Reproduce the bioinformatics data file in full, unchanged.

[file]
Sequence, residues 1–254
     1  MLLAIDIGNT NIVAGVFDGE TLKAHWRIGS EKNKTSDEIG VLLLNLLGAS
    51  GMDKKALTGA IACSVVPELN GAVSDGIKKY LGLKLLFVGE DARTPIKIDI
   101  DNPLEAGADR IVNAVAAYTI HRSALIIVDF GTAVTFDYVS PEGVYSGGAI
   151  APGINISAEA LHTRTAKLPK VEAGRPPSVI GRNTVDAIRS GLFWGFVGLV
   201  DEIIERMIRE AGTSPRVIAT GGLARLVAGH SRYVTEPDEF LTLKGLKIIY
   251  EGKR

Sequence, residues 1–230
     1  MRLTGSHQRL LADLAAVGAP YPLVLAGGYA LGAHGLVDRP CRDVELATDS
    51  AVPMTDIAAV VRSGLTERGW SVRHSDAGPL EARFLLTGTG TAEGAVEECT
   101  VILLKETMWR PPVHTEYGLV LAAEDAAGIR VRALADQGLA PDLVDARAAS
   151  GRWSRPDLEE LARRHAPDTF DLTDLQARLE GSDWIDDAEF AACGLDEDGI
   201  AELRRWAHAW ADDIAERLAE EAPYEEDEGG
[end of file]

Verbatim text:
Sequence, residues 1–254
     1  MLLAIDIGNT NIVAGVFDGE TLKAHWRIGS EKNKTSDEIG VLLLNLLGAS
    51  GMDKKALTGA IACSVVPELN GAVSDGIKKY LGLKLLFVGE DARTPIKIDI
   101  DNPLEAGADR IVNAVAAYTI HRSALIIVDF GTAVTFDYVS PEGVYSGGAI
   151  APGINISAEA LHTRTAKLPK VEAGRPPSVI GRNTVDAIRS GLFWGFVGLV
   201  DEIIERMIRE AGTSPRVIAT GGLARLVAGH SRYVTEPDEF LTLKGLKIIY
   251  EGKR

Sequence, residues 1–230
     1  MRLTGSHQRL LADLAAVGAP YPLVLAGGYA LGAHGLVDRP CRDVELATDS
    51  AVPMTDIAAV VRSGLTERGW SVRHSDAGPL EARFLLTGTG TAEGAVEECT
   101  VILLKETMWR PPVHTEYGLV LAAEDAAGIR VRALADQGLA PDLVDARAAS
   151  GRWSRPDLEE LARRHAPDTF DLTDLQARLE GSDWIDDAEF AACGLDEDGI
   201  AELRRWAHAW ADDIAERLAE EAPYEEDEGG